Brain Simulations - an ethical issue
There can be few competitions with such a rich prize - a massive one billion euros. That's what a team of European scientists are aiming to win. In return they are promising to create a simulated computer version of the human brain.
In a blog post last year, and on RichardDawkins.net, I wrote about how brain simulations were necessarily an ethical matter for those who believed in materialism: that there is no non-physical aspect to the universe.
Now simulation of brains is a mainstream scientific project. It's time to sound the alarms. I'm a functionalist when it comes to the philosophy of mind. I believe that consciousness results from the activity of the neural networks in our brains. I don't believe that nerve cells are necessary for consciousness, and that consciousness can arise wherever the appropriation information processing occurs. Functionalist views on consciousness are far from universal even amongst atheist philosophers and scientists, but they are reasonable and they cannot be ignored.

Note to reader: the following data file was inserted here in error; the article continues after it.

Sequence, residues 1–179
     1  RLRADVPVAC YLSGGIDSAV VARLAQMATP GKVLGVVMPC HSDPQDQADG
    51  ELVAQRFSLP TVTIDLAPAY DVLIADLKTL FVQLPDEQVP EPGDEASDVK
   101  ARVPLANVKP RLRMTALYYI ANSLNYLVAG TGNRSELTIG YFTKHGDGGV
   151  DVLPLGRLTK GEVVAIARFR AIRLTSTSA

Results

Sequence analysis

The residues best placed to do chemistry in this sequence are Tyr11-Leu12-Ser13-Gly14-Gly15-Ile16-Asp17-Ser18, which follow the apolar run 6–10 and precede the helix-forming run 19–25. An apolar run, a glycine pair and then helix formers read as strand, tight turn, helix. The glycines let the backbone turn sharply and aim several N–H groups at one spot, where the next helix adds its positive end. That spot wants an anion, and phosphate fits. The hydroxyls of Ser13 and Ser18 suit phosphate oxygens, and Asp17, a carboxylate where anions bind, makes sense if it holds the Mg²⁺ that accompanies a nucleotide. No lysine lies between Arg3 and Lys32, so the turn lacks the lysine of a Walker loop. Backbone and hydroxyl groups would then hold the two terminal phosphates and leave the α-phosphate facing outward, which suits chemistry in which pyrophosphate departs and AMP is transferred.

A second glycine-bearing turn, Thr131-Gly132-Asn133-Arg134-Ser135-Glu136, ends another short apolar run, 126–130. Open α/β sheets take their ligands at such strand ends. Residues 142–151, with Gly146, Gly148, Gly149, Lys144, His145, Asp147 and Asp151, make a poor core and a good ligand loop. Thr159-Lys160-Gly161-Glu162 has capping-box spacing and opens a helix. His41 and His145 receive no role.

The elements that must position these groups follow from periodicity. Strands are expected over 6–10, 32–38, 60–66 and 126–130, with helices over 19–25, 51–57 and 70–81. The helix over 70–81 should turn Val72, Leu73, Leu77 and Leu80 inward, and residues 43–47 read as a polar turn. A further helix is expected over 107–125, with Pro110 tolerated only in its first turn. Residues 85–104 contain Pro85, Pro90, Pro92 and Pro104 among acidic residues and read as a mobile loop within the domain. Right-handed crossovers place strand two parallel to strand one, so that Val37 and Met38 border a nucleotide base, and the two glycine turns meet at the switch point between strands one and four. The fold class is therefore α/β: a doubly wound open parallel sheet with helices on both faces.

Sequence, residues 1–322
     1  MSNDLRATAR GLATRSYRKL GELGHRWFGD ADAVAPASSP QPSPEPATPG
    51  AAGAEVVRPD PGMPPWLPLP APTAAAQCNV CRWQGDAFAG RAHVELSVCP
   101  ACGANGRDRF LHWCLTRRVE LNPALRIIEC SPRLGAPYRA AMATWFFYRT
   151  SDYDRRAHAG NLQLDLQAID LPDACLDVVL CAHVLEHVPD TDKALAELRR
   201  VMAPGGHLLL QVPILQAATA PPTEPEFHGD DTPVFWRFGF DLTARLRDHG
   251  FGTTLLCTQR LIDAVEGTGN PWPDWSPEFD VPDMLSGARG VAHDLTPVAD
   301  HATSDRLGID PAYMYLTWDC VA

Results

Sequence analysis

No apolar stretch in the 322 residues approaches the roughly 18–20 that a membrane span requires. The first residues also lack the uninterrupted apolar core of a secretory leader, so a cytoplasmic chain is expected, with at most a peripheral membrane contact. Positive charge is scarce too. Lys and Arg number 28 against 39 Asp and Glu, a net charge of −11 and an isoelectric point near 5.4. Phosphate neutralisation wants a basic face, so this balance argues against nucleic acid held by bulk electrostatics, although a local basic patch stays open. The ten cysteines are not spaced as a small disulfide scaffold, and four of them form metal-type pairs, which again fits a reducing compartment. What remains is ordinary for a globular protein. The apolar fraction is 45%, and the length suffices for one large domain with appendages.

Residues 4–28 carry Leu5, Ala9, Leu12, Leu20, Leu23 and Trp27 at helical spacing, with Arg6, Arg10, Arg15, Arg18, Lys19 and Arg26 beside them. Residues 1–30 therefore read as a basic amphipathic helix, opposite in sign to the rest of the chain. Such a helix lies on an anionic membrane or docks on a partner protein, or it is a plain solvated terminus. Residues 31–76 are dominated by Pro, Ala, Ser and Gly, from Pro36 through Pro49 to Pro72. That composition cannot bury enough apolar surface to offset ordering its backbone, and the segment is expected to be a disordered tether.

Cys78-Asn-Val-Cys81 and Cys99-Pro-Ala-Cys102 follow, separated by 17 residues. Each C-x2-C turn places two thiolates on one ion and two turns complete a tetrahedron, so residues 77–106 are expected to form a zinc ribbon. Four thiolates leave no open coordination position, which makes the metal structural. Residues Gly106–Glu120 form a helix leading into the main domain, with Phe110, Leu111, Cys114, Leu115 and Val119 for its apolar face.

Functionalism means that simulating a human brain has the same ethical issues as cloning a human adult. Functionalism means that a simulation of a human brain has the possibility of being a person, self-aware, and capable of the full range of experiences as a natural human brain. I'm not insisting that functionalism is true, but that we have to take seriously the possibility that it might be, and the consequences of that.
It's not only human brain simulations that should be the subject of ethical review. If functionalism is true then simulations of animal brains can also suffer, and such simulations will be feasible much, much sooner.
This is a matter where those of us who believe in materialism need to insist that research into brain simulations must be subject to the same kinds of controls as research on their natural equivalents. We can't wait until questions start to be asked about whether the suffering of running simulations is real.
My concern is that too many scientists don't believe that this is an ethical matter. We need to change that as soon as we can.